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Kuper interviews aged survivors of the war from every imaginable side—ranging from Dutch Jews who hid from the Nazis, sporting-club members who staged their own ousters of Nazi collaborators after the war, and athletes dragooned into playing for Hitler's national side—and digs into previously unexplored wartime archives like a seasoned historian. The resulting book is not about formations, transfers, or sporting glory—Kuper instead uses the game as a lever to open up a serious but engaging discussion of collective memory, group identity, the legacy of the Holocaust and the war, and what games can stand for beyond the pitch.

Any intelligent sports fan not familiar with Kuper's work is missing out, and Ajax more than lives up to his high standard. I had a chance to interview Simon Kuper via email on the occasion of the US release of Ajax, the Dutch, the War , to talk about the book, his sense of the future of soccer, and more. Do you think that Americans have a hard time relating to how profoundly life in Europe was changed by the war? What single anecdote in Ajax stuck out for you as the most memorable example of how the Dutch world was turned upside down by occupation?

Simon Kuper: Actually my surprise while researching the book was to find out how little the war changed for most people in Holland. There were very few German soldiers and officials based in the Netherlands; in smaller towns you could go years without seeing a German. That was very surprising for me, as I say, because I had grown up with the idea of the war as constant action. When we think back on the period, we think of Auschwitz, Dunkirk, the Blitz in London; but in western Europe, it was a lot tamer most of the time, I came to realize.

When the Simon Kupers of the future look back on today, how will football have changed, in your opinion?

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I think people will look back on and marvel at how small soccer was then. Nowadays people grumble that soccer players are overpaid, and I understand that, but one day we will come to think of this as small beer. The European game is going to tap ever more money from other parts of the world. You see Fox sometimes putting games on its main channels.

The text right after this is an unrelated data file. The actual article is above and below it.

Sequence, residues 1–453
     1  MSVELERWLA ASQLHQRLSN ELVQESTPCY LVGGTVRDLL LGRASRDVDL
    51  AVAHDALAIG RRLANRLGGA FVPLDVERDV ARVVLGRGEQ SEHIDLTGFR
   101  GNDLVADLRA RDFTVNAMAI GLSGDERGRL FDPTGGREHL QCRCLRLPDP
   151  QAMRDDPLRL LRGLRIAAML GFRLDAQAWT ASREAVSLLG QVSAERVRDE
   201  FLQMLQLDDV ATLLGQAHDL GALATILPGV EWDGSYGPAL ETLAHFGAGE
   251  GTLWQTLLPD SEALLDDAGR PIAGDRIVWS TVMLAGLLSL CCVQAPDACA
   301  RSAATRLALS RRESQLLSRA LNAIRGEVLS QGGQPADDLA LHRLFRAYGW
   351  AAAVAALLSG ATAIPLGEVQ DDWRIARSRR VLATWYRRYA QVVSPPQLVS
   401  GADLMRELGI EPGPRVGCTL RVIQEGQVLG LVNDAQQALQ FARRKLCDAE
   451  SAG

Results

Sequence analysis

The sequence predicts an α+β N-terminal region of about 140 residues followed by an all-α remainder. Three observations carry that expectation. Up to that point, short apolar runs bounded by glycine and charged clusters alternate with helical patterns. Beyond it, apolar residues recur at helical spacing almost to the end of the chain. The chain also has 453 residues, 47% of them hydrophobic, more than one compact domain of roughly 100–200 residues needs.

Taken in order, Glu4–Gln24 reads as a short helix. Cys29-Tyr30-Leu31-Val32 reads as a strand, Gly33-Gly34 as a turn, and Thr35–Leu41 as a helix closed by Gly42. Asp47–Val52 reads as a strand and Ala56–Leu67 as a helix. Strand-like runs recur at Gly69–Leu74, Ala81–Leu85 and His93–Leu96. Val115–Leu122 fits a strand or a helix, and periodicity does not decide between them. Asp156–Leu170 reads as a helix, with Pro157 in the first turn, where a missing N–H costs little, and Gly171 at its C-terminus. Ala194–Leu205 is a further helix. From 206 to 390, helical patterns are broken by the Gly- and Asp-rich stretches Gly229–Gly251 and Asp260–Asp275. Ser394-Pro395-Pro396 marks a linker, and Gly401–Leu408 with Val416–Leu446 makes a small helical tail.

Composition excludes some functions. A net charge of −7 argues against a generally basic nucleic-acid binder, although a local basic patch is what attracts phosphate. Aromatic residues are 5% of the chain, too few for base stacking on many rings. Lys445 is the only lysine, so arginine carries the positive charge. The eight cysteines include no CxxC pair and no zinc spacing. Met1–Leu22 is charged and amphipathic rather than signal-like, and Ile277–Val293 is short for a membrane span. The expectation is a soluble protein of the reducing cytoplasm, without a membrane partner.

At the moment, the biggest soccer clubs are actually much smaller entreprises than most people think. And of course Madrid usually loses money. These clubs have a lot of scope to grow. Did postwar West German football teams face discrimination in the international community? How did West Germany become an international football power within a few generations of the war? West German soccer teams were indeed widely disliked for a long time.

Beating Germany was the big preoccupation for France, England, Holland and many other Europeans teams until about the s, and a lot of that did have to do with the war. Why did West Germany become so good soon after the war, winning its first World Cup in ? The country lay in ruins in but it had a lot of knowhow, in both business and in football, and knowhow is hard to destroy with bombs.

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West Germany was also welcomed back into the western bloc fast because we needed it in the struggle with the USSR. So the amazing thing is how fast the Germans left the 12 Nazi years behind them—though of course some of the scars are only fading now. My sense is that only since about Europeans have really been leaving the war behind them, in emotional terms. Has much changed in Holland or elsewhere in terms of attitudes toward the war? You describe an alarming trend in the Dutch public sphere away from tolerance, both in terms of antisemitic chants from Feyenoord fans and in political opposition to immigration.

Do you think this rightward turn will continue? I wrote the first version of this book in Dutch in A couple of far-right parties, led first by Pim Fortuyn murdered by an animal rights activist in and now by Geert Wilders who is funded largely by American neocons have attacked the Muslims to some electoral success.

Indeed, Wilders is a strong supporter of Israel. But the rightward turn might be ending.

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In soccer, you get anti-Semitic chanting in Dutch stadiums. No, the Dutch are actually very good about being criticized by outsiders.

In fact some books by Dutch people have been even harsher on the wartime Netherlands. This is a country with very open debate, and I admire the Dutch for that. While it's good to set the historical record straight and not believe in myths, I don't know that these books do much good beyond that. During World War II people were forced to make horrible choices concerning their survival, choices I hope I will never have to make. Calling people cowards and collaborators from the comfort of my living room 70 years later doesn't seem like a productive exercise.